4 - Work For Hire vs Licensing

When working with music, most of your production needs are going to fall into two categories:
• Work For Hire
• Licensing

A work for hire, or work made for hire, refers to works whose ownership belongs to a third party rather than the creator.

There are (2) types of Work For Hire:
• the work is created by an employee as part of their job
• the work is created by a third party commissioning the work

In both these cases, there would be an exchange of money and transfer of rights to the buyer/employer. For this reason, think of a "Work for Hire" or a project on a "Work for Hire Basis" like BUYING.

With respect to music, if you were to hire a composer to write music for your project, this would most likely fall under a "Work for Hire".

Let's look at an example of a Work For Hire.

Let's say that Shonda is an artist. Her music is on Spotify and she is getting a lot of streams. Let us pretend that Nike hears her music and decides that she should write music for their next ad campaign.

Nike calls Shonda and explains that they would like her to write a song for their next campaign. Shonda asks, "Is this a Work for Hire?". Nike responds "Yes". This tells Shonda that this work will be a custom creation for Nike. She will get paid and, in return, Nike will own all of the rights - including the underlying composition (PA) and the sound recording (SR). When the project is over, Shonda will hand over the assets to Nike and she will not own any part of the work she created. Nike will own all rights contained within the copyright, including the underlying composition (PA) and the Sound Recording (SR) / Master.

One thing that is extremely common with Work for Hire agreements, is that the composer/writer shall be allowed to receive their "writer's share performance royalties". These royalties are paid by the television networks and Nike does not have to worry about paying these royalties.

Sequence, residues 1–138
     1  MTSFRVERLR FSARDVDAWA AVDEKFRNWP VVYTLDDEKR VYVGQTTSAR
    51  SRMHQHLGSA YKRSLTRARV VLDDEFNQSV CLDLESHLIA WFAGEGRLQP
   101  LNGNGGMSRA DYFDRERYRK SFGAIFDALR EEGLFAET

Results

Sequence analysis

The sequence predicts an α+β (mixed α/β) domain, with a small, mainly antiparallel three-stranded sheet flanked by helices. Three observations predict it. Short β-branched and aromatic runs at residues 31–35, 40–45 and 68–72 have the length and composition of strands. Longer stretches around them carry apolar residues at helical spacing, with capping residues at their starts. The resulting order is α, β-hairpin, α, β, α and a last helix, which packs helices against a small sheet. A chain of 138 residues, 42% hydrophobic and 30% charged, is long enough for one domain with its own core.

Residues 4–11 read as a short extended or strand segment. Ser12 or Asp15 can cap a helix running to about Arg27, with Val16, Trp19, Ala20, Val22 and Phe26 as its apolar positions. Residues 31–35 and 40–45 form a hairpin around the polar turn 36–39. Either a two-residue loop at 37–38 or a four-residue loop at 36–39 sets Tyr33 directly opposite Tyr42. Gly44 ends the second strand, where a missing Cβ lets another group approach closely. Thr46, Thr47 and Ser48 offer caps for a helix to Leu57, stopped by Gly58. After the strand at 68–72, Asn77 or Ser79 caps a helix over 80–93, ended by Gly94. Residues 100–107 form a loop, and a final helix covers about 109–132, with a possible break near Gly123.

Think of Work for Hire, like buying rights. In this case, Nike bought all of the rights to Shonda's new song.

Let us look at the second category. This is called Licensing. If a Work for Hire is like buying, Licensing is essentially renting rights within the composition, sound recording, or both.

Let us look at a Licensing situation.

Let us pretend that Shonda has a catalog of songs on Spotify. This time, Nike hears a specific song and wants that song to be the sound for their next campaign. Nike calls and says "Shonda, we would like to license this song for our next campaign". This tells Shonda that she can rent the song to Nike (most likely on a non-exclusively basis).

If you hired someone to create a logo theme, television underscore, advertising jingle, or a movie score, this would most likely be done as a Work For Hire.

If you needed a library of music ready to use for your documentary, short film, trailer, or song from a band/artist, this would most likely be licensed.

A Work for Hire is when an employee or third party hire a creator and the creator assigns all rights to the employee or third party. (TRUE)
Composers for film and television usually are hired on a "Work for Hire Basis". (TRUE)
Licensing is when someone rents rights to another party. (TRUE)

To get music in your next production, go to https://catalog.bulletproofbear.com/.

Or to get a site license at your school, go to https://store.bulletproofbear.com/products/education-site-license.
Be the first to comment